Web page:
I head to the Wild Ginger library, a cozy and light-filled space that I’ve adopted as my writing office for the duration of my residency. The collection is, as you might expect, environmental in focus, and I enjoy browsing the shelves of nature essays, field guides, science books, and history. Several bookcases contain children’s books, and the Mountain Schoolers sometimes come in, flop down on a comfy floor pillow, and read.
I’ve claimed a corner for myself, and each day I plug in my laptop, arrange my notebooks and pens and coffee, and write. My office-in-a-closet at home pales in comparison. Grad students wander in and out, and I’ve learned about their backgrounds and their plans and their teaching philosophies. Sometimes they hold a discussion in the library, in which case I move to the single-slab polished wood conference table and work quietly.
Lunch is usually leftovers in the staff room refrigerator, packed food from the house, or a combination. When I start to lose focus around 3pm or so, I go for a walk. There are trails along Sourdough Creek to a pretty waterfall, along Deer Creek to learn about trees and plants, around a small peninsula below the dining hall, and one that parallels Diablo Lake’s shoreline for about 4 miles. I run into Mountain School groups everywhere, holding leaves and twigs up to camouflage themselves, turning over rocks, drawing leaves in their journals, or peering through microscopes in a classroom. Then it’s back to the library and the writing until dinner, another festive affair (if perhaps not quite as high-energy as breakfast; the kids are slowing down a bit).
After dinner, it’s back to the house — I leave early enough so I’m not walking the Diablo Dam trail in the dark, partly because it’s rocky and uneven footing and partly because staff has regaled me with some memorable cougar stories — and, usually, a debrief with Travis and Mike. I get the news from the kitchen and from the trail; we may or may not watch a movie.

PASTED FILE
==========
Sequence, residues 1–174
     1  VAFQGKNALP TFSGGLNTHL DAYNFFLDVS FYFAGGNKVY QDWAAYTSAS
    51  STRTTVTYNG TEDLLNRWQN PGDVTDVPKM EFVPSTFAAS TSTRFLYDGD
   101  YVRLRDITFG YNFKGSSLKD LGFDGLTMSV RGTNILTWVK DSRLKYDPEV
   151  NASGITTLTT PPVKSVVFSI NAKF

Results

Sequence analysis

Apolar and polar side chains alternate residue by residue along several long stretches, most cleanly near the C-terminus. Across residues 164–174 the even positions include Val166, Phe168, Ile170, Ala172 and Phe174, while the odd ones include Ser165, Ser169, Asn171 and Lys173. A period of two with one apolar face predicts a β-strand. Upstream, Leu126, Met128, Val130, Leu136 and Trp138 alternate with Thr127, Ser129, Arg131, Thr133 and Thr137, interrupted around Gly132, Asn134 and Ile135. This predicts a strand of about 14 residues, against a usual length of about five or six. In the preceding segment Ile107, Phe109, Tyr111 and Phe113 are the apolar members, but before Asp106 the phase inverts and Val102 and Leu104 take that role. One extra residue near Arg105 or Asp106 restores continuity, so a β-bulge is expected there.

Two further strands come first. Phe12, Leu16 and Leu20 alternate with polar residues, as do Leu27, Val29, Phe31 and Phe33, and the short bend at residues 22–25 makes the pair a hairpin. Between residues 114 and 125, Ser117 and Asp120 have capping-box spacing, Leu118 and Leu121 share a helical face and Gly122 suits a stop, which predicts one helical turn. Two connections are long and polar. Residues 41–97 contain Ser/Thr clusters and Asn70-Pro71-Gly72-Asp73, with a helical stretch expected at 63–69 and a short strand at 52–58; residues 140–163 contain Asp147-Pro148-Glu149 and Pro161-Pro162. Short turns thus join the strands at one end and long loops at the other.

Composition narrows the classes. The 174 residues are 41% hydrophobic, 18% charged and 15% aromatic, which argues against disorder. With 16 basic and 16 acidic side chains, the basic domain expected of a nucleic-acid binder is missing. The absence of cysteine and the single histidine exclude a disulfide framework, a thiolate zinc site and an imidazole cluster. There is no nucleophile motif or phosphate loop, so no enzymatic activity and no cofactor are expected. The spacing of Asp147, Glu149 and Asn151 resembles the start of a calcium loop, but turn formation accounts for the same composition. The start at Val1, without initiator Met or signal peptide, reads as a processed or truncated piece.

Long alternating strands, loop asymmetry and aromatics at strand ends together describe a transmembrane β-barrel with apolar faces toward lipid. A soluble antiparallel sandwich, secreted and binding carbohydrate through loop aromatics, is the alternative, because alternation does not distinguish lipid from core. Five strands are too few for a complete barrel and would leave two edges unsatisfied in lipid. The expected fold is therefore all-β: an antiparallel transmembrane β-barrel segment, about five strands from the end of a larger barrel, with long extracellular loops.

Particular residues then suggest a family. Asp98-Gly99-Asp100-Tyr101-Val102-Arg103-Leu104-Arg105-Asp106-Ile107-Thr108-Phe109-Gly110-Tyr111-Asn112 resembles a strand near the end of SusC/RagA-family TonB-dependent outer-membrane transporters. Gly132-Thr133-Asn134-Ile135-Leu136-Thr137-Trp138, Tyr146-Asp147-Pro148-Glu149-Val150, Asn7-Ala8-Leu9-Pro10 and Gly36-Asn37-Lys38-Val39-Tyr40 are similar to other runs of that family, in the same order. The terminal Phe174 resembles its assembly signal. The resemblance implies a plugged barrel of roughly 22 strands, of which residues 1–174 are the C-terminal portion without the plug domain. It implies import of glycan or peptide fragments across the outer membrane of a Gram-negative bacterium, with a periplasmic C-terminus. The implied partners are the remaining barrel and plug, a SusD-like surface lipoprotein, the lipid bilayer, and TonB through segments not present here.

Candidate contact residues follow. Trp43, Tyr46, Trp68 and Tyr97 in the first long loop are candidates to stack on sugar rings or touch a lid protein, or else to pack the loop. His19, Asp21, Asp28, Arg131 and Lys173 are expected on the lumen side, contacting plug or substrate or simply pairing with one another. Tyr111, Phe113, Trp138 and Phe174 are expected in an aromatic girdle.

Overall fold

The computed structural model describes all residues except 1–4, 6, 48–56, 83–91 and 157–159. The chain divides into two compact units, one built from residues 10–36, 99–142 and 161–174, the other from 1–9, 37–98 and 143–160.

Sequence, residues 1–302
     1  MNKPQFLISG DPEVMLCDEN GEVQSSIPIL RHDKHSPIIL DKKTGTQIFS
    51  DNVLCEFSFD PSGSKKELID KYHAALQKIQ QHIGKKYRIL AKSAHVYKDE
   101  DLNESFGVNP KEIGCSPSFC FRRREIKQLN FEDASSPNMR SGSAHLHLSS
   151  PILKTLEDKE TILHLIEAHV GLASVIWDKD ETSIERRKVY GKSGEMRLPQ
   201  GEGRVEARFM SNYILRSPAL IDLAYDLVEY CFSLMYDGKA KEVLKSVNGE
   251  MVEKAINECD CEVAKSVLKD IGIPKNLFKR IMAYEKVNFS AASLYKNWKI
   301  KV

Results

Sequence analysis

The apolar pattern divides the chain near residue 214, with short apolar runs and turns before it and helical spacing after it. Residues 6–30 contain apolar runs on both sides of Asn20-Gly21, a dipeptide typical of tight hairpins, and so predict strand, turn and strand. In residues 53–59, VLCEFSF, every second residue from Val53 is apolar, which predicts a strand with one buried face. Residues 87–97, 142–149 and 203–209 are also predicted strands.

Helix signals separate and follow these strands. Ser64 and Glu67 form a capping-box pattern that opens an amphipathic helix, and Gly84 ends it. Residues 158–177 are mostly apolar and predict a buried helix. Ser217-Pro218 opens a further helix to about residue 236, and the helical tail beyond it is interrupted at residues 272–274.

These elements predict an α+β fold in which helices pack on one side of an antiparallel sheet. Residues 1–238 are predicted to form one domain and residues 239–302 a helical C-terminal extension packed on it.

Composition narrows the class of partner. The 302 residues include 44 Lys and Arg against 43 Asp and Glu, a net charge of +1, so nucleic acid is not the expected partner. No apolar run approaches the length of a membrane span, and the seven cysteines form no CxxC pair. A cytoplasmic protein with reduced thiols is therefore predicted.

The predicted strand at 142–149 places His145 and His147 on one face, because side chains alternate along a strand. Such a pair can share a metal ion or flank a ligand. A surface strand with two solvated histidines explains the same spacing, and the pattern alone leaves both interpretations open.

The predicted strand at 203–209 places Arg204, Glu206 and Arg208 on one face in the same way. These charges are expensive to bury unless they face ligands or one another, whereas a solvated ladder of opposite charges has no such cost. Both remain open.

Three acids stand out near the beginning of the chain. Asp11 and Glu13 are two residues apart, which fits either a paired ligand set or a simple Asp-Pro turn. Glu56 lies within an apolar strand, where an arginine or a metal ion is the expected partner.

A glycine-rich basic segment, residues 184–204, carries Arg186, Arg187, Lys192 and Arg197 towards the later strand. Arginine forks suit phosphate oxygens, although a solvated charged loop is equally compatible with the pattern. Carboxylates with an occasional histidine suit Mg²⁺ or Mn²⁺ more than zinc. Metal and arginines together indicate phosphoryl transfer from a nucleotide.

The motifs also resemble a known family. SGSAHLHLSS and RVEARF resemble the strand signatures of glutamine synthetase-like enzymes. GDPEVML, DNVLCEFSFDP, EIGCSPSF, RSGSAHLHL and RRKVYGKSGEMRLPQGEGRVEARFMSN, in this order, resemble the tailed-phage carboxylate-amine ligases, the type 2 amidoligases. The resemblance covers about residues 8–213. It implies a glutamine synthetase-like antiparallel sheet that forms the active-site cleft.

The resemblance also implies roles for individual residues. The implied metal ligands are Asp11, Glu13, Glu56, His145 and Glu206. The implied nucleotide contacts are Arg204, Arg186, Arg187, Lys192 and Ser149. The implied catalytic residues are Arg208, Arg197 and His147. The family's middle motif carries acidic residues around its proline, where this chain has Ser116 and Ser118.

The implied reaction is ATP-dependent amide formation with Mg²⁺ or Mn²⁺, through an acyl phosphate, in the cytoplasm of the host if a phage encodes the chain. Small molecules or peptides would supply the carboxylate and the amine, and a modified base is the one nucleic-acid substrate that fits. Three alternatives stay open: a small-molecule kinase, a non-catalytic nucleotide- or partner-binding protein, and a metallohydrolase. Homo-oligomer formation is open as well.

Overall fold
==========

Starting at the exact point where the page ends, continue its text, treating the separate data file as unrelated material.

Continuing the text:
About every four days, I hike. I’ve been to most of the places I hoped to visit, each important to understanding the history of the park. I backpacked to Big Beaver Creek valley to see the thousand-year-old cedars that helped stop a dam, huffed up to Easy Point to see where the last grizzly in the North Cascades was shot, and went to Cascade Pass, a popular thoroughfare for 10,000 years. I drove the North Cascades Highway and studied the route from Washington Pass overlook, hiked along Thunder Creek and up to Fourth of July Pass, and (yesterday) soaked up the views at Mount Baker, which isn’t part of the park though many thought it should be (more on that later). I toured the Skagit Hydroelectric Project and ate a delicious lunch in the historic Gorge Inn, the employees’ commissary. I’ve seen a lot, and yet, given the vastness and isolation of most of the North Cascades, really just nibbled at the edges. I’ve learned, though, that the North Cascades’ reputation as forbidding and fierce is deserved. These aren’t friendly mountains, a judgment shared by others I’ve talked with. Easy access points are few and far between. If you want to get into the heart of the mountains, you’re going to earn it the hard way.
And yet, I’m going to miss these mountains, and the people who live and work here, when I return home tomorrow. Sure, I’m ready to sleep in my own bed again and cook in my own kitchen and enjoy the 21st-century luxury of cell service. But the North Cascades exert their pull on me as they have on others for millennia. More than a century ago, a magazine writer enthused that nothing topped the North Cascades for “grandeur, sublimity, attractiveness, beauty, charm, wildness and unexpected glories.” That sounds about right. My creative residency has allowed me to experience that sublimity and wildness up close and personal, and I’ll be forever grateful for the opportunity.
Creative residency by the numbers:
Number of trail miles hiked: 84.5
Number of feet of elevation gain: 15,135′
Number of boat/canoe trips: 2
Number of words written: 7,613 (so far)
Number of great people encountered: too many to count!
Number of cell calls completed: 0